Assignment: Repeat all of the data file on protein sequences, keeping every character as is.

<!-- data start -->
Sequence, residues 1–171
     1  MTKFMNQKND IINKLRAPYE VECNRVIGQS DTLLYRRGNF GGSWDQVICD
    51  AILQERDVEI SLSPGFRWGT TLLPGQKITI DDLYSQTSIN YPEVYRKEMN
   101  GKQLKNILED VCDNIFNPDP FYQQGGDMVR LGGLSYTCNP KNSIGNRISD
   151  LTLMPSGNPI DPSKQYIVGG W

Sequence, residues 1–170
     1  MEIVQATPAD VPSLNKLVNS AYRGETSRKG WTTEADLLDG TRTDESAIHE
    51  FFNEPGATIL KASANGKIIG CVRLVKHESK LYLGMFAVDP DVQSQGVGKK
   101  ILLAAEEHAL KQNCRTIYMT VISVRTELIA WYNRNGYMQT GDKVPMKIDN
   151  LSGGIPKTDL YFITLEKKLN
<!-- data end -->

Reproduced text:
Sequence, residues 1–171
     1  MTKFMNQKND IINKLRAPYE VECNRVIGQS DTLLYRRGNF GGSWDQVICD
    51  AILQERDVEI SLSPGFRWGT TLLPGQKITI DDLYSQTSIN YPEVYRKEMN
   101  GKQLKNILED VCDNIFNPDP FYQQGGDMVR LGGLSYTCNP KNSIGNRISD
   151  LTLMPSGNPI DPSKQYIVGG W

Sequence, residues 1–170
     1  MEIVQATPAD VPSLNKLVNS AYRGETSRKG WTTEADLLDG TRTDESAIHE
    51  FFNEPGATIL KASANGKIIG CVRLVKHESK LYLGMFAVDP DVQSQGVGKK
   101  ILLAAEEHAL KQNCRTIYMT VISVRTELIA WYNRNGYMQT GDKVPMKIDN
   151  LSGGIPKTDL YFITLEKKLN